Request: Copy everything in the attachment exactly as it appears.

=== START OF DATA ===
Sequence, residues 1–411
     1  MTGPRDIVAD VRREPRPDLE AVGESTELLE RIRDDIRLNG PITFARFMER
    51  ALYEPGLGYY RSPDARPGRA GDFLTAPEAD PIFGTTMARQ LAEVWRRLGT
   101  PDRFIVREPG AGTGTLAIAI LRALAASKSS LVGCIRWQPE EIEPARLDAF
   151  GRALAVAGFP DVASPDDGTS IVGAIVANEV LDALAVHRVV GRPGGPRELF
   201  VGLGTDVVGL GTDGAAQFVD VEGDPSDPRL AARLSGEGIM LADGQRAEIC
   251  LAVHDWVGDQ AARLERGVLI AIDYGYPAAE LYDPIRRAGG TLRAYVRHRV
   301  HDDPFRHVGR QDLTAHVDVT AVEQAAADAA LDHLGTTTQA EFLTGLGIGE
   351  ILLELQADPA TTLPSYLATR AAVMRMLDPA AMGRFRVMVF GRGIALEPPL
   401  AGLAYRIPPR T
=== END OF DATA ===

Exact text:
Sequence, residues 1–411
     1  MTGPRDIVAD VRREPRPDLE AVGESTELLE RIRDDIRLNG PITFARFMER
    51  ALYEPGLGYY RSPDARPGRA GDFLTAPEAD PIFGTTMARQ LAEVWRRLGT
   101  PDRFIVREPG AGTGTLAIAI LRALAASKSS LVGCIRWQPE EIEPARLDAF
   151  GRALAVAGFP DVASPDDGTS IVGAIVANEV LDALAVHRVV GRPGGPRELF
   201  VGLGTDVVGL GTDGAAQFVD VEGDPSDPRL AARLSGEGIM LADGQRAEIC
   251  LAVHDWVGDQ AARLERGVLI AIDYGYPAAE LYDPIRRAGG TLRAYVRHRV
   301  HDDPFRHVGR QDLTAHVDVT AVEQAAADAA LDHLGTTTQA EFLTGLGIGE
   351  ILLELQADPA TTLPSYLATR AAVMRMLDPA AMGRFRVMVF GRGIALEPPL
   401  AGLAYRIPPR T